Today we reconnected and it felt really good.  Ron is still in the same business but now he’s the business owner.  What made this reunion even more meaningful to me was his invitation to tour the business.  What made this reunion a huge eye opening surprise to me was walking thru his front door, making a right turn and stepping into a cavernous warehouse space with more than one thousand bicycles neatly arranged row after row.  And, What made this reunion so heartwarming was seeing and hearing his story.

After reading a newspaper article highlighting the need for bicycles for kids three years ago he formed a charitable entity named “Recycle Bikes for Kids”… . In this same three year period he totally refurbished more than 2000 bikes and donated them to kids at Christmas.

Wow!!!   Talk about a “Local Hero” … I cannot imagine anyone more deserving than my recycling friend, Ron King.

PS: It’s also rather nice to have a recycled friendship.

Read Full Post »

Whether global warming is a scientific fact or not, whether humans are the cause or not and whether we can do anything about it or not is the conumdrum of the times.  Regardless, patterns of weather on earth today do seem to be more dramatic and irrefutably more extreme. One phenomenom which may not be weather related but can impact the weather is a volcanic eruption. The most notable of recent history in the continental United States was the cataclysmic eruption of Mount Saint Helens in 1980. One can read the details, see the pictures and only begin to grasp a sliver of the enormity of this geologic event. I will attempt to share my personal feelings based on a climb to the rim with my friend Bryan in 2006.

Bryan and I were attending  a Little Rock Parks Department accreditation meeting and had gotten a permit to climb Mount Saint Helens.  Fortunately the day was grand and we were mentally prepared for this rugged, off trail, scramble gaining 4500 vertical feet in just a little less than 5 miles.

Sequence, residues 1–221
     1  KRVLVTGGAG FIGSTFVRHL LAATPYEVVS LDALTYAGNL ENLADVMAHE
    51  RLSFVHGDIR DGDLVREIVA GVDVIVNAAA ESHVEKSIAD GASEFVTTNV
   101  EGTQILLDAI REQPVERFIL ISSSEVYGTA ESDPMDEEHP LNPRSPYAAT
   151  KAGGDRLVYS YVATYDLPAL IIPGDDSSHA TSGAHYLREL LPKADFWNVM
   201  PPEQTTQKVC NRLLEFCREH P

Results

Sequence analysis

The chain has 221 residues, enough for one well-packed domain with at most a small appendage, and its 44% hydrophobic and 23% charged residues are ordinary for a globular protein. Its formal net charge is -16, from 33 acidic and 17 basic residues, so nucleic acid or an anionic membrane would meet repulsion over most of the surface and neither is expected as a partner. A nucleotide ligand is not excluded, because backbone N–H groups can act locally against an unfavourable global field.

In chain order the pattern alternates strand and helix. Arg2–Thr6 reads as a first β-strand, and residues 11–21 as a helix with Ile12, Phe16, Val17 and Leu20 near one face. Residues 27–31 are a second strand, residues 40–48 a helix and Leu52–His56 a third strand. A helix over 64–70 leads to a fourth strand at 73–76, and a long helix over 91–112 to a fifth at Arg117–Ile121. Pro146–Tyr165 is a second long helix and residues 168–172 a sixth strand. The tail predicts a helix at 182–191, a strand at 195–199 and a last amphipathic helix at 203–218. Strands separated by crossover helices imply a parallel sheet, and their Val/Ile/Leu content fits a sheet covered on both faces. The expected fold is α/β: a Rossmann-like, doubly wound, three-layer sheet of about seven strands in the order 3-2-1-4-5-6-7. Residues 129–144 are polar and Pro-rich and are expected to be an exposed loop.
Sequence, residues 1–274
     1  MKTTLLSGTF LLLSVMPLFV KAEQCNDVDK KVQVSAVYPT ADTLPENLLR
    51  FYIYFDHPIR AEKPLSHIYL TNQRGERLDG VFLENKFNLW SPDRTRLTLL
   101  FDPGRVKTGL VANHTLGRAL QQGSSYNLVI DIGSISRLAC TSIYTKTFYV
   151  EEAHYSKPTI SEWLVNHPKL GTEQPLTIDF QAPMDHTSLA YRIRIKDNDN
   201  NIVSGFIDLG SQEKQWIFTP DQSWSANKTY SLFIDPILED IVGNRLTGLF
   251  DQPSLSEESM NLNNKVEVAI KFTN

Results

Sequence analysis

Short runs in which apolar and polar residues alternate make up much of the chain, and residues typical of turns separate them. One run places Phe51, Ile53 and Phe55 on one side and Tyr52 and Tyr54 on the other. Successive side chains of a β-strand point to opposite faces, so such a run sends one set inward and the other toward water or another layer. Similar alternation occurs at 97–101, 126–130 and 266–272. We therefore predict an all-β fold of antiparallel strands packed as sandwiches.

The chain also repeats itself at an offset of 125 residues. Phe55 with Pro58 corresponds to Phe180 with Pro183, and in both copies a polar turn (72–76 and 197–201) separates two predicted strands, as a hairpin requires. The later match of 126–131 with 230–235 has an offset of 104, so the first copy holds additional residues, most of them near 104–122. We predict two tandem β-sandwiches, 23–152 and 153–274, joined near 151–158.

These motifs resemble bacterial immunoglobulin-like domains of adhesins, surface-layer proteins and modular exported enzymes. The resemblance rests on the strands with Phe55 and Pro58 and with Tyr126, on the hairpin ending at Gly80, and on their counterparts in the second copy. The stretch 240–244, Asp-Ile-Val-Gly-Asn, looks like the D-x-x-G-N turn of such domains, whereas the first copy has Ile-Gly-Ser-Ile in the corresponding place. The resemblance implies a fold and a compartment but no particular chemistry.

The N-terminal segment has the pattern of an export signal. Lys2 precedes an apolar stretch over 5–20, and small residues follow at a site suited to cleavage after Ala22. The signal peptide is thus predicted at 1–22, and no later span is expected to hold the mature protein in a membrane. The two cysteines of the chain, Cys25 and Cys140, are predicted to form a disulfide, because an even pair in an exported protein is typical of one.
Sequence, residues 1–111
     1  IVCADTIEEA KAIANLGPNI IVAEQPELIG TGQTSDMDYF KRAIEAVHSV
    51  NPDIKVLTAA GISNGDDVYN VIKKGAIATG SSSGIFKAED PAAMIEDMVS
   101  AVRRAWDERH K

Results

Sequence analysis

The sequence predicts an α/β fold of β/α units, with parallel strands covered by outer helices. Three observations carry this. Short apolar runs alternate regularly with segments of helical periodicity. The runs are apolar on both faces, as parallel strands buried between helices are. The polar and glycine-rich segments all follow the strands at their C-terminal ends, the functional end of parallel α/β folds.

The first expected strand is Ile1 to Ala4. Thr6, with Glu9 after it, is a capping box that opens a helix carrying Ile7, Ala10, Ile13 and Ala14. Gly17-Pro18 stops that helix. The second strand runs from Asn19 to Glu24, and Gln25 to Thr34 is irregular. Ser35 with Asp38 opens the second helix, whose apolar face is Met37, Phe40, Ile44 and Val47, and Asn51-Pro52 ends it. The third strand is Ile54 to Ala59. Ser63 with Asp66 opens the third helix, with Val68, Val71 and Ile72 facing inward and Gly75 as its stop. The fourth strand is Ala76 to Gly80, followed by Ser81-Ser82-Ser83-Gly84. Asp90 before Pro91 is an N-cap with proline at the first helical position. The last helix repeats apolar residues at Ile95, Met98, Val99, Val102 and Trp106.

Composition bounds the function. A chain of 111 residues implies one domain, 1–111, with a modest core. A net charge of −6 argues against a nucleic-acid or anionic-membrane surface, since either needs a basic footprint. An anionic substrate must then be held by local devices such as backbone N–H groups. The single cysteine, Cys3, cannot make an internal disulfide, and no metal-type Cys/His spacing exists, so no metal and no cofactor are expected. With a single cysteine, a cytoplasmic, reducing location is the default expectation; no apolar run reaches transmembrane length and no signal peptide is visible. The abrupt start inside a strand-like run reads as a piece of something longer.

As we reached timber line the glow of morning painted a stunning backdrop silhouetting our first glimpse of  Mt St Helens and other mountains in the Cascades Range . The next couple of miles above timber was filled with razor sharp Volcanic rock from sand crystal size to car or house sized boulders. This section was more difficult on the return than on the ascent. The toughest part of the climb to the rim was the last three quarters of a mile.  Not only was it steep but  full of ankle deep volcanic ash in which each step forward resulted in almost one sliding step backward.


Finally we reached the rim.  I was speechless … breathless too … but was awestruck by the view of the enormous crater below us, the view of Spirit Lake and the majestic sight of snow capped  14,409 feet Mount Rainier.

I was struck by the incomprehensible power that literally obliterated the mountain top and evacuated one entire side of the slope.  The contrast with this surreal sight and the other still standing snow capped giants gave me an overwhelming insight into what that moment in 1980 must have been like.  And yet, here I was standing on this rim while Mount Saint Helens was and is being rebuilt at the rate of one dump truck load per second.  Even at that speed, it will take more than 100 years for the underground forces to refill the crater and for Mount Saint Helens to be what it was before 1980.

The hike down was easier but we were tired ,it was still dangerous and our brains were saturated with the sense of wonder  having seen in person the aftermath of nature’s power.  Be it  volcanoes, heat and cold, storms, floods or merely predicting the weather for a family outing, we inhabitants of the Earth, to some degree, are just along for the ride.

Read Full Post »


Read Full Post »